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Will there be any security concern if there is no mode of operation specified in the ciphersuite name?

For instance, there is no mode of operation in TLS_ECDHE_RSA_WITH_AES_256_SHA.

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It is a security issue in the sense that it likely shows that somebody doesn't know what he is doing.

TLS_ECDHE_RSA_WITH_AES_256_SHA is not an officially supported cipher suite name (internet search results too quickly degenerate for that). It probably is present in misconfigured OpenSSL servers. I presume it will default to CBC for the actual security. It is extremely unlikely to use ECB mode as that has never been a supported mode, and it would need to somehow ignore the IV if it was to be used.

Just make it the only possible cipher suite on a test server, then connect to it with a client. You'll probably find out that it is actually the CBC ciphersuite TLS_ECDHE_RSA_WITH_AES_256_CBC_SHA with ID {0xC0, 0x14}. The ID is what is actually communicated during the handshake; the name of the ciphersuite is just what you find in the configuration parameters of the server.

It is not possible to just make up a name for a ciphersuite: it needs to resolve to an ID to be communicated within the handshake. In developers language: the ciphersuite name is an enumeration. Unfortunately OpenSSL has the nasty habit of using their own names and patterns for allowing / disallowing enumeration values.

I'd prefer a TLS 1.2 specific GCM ciphersuite and SHA-256 or SHA-512 over that particular ciphersuite.

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  • $\begingroup$ It could also not be recognized at all, and simply skipped by the server, of course. That's very secure, but not very useful for clients that want to use the CBC ciphersuite. I thank David in advance for his comments :P $\endgroup$ – Maarten Bodewes Oct 24 '18 at 12:21
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You send a ClientHello message with the list of modes you support everytime you connect to a server. Server replies with a ServerHello containing which mode of operation will be used in the whole protocol. This an important step in the TLS Handhsake.

Then you won't have problems if you don't support TLS_ECDHE_RSA_WITH_AES_256_SHA, the server will just select another mode that you support.

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  • $\begingroup$ Thanks everyone for providing useful information. I’m actually looking for suitable cipher suite to use for TLS 1.0, without compromising much of the security posture. This is to support legacy system that only support TLS 1.0. $\endgroup$ – Mark Yam Oct 24 '18 at 16:38
  • $\begingroup$ Your legacy system will be vulnerable against multiple attacks that have been found in the mean time. So you are fooling yourself if you think you'll add (much) security. Use a TLS tunnel or even VPN instead. $\endgroup$ – Maarten Bodewes Oct 24 '18 at 17:52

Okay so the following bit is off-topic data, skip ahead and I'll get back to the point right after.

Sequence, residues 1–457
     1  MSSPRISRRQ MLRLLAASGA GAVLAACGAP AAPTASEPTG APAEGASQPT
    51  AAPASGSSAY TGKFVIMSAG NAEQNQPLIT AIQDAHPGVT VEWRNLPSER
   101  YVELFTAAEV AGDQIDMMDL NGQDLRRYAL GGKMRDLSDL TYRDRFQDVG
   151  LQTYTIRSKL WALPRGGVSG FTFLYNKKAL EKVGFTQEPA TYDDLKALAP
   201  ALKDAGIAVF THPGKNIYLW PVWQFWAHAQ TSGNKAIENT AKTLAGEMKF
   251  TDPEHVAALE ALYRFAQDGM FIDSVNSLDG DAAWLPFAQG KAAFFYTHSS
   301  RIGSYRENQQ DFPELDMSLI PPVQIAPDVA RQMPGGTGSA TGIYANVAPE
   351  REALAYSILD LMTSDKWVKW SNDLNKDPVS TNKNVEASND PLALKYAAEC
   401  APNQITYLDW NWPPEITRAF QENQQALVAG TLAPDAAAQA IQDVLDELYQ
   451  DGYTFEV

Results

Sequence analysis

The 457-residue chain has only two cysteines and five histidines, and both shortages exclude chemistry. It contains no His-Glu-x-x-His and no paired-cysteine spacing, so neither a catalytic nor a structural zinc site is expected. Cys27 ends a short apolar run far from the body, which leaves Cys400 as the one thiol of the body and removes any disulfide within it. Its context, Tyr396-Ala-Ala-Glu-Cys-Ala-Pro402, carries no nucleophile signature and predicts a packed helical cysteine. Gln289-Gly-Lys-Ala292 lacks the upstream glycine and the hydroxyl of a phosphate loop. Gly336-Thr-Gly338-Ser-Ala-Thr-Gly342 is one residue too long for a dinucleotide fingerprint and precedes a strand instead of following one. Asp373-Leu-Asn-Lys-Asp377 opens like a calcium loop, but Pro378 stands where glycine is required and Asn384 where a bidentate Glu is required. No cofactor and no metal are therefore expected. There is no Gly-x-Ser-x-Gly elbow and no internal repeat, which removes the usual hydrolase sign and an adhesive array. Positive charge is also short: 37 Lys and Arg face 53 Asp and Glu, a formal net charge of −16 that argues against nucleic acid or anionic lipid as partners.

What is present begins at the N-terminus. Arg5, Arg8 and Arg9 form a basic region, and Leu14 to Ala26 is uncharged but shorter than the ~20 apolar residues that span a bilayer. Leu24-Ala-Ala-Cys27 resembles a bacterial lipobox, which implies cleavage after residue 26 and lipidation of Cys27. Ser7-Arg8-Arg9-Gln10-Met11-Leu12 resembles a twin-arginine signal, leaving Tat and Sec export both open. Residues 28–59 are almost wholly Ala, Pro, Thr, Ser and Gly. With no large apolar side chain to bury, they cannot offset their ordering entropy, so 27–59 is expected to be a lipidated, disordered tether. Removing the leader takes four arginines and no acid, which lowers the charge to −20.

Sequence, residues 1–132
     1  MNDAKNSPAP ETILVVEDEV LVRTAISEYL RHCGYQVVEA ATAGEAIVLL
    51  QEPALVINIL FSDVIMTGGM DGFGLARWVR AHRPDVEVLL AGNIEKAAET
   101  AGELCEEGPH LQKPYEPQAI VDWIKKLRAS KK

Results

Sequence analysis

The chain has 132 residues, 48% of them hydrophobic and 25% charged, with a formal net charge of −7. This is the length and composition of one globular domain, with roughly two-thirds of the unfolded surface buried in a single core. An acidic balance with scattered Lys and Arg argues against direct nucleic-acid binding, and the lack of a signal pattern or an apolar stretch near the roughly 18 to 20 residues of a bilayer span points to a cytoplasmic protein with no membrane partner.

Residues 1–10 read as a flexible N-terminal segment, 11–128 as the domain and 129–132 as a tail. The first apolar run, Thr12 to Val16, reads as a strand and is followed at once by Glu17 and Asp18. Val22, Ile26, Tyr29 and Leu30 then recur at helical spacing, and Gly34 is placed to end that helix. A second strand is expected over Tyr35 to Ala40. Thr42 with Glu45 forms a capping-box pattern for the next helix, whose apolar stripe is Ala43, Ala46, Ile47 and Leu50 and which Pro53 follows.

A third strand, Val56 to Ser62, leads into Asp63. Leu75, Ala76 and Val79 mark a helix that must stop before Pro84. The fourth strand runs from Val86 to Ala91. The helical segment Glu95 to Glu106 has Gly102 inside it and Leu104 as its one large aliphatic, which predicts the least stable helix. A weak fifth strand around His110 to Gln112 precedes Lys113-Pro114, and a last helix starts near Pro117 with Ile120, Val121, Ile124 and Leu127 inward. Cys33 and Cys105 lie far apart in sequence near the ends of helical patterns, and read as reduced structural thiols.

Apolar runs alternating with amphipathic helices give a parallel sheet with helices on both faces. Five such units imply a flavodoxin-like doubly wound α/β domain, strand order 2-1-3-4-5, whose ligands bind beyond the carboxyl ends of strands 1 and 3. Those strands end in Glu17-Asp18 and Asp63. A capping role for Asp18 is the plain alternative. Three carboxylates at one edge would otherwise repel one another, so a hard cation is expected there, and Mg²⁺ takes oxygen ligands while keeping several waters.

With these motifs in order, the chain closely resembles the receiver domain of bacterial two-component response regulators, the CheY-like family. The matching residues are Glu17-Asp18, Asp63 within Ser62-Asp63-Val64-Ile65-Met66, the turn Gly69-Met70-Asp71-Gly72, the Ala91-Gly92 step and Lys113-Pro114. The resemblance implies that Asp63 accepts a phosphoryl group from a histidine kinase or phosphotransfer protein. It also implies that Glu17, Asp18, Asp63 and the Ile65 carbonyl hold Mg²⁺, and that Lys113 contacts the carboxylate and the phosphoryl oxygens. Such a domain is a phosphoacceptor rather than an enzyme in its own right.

• $\begingroup$ Completely agree with you, Maarten. But the fact is we have a small percentage of users who are less privilege to own a system that supports TLS 1.2. Hence we need to enable TLS 1.0 to facilitate their needs. My plan is to set a timeline to fully implement TLS 1.2 only while looking for alternative solution for the less privilege users. $\endgroup$ – Mark Yam Oct 25 '18 at 2:34
  • $\begingroup$ In the end it is their problem I suppose, as long as you keep honest and not promise them any security over the amount you're actually offering. They probably should stay away from WiFi hotspots... $\endgroup$ – Maarten Bodewes Oct 25 '18 at 15:08
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There should be some mode of operation, at least when due to messages which are longer than the block size. The simple mode of operation is ECB mode of operation which is always considered insecure since same messages always map to the same ciphertext under the same key.

See the famous penguin in the Wikipedia to deduce that ECB in dangerous.

A formal reason, ECB is not CPA secure, whereas CBC and CTR, but be careful with GCM

Stick to standards and search for the following mode of operations CBC, CCM and GCM in TLS

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There's no mode of operation in the ciphersuite's textual name, but that doesn't mean the ciphersuite itself didn't use any. I believe the default is CBC for the TLSv1.0-era ciphersuites.

(...I mean, if the ciphersuite really didn't use any sensible AES mode of operation, wouldn't it have been long purged just like single-DES ciphersuites or e.g. everything SSLv2/v3-related have been?)

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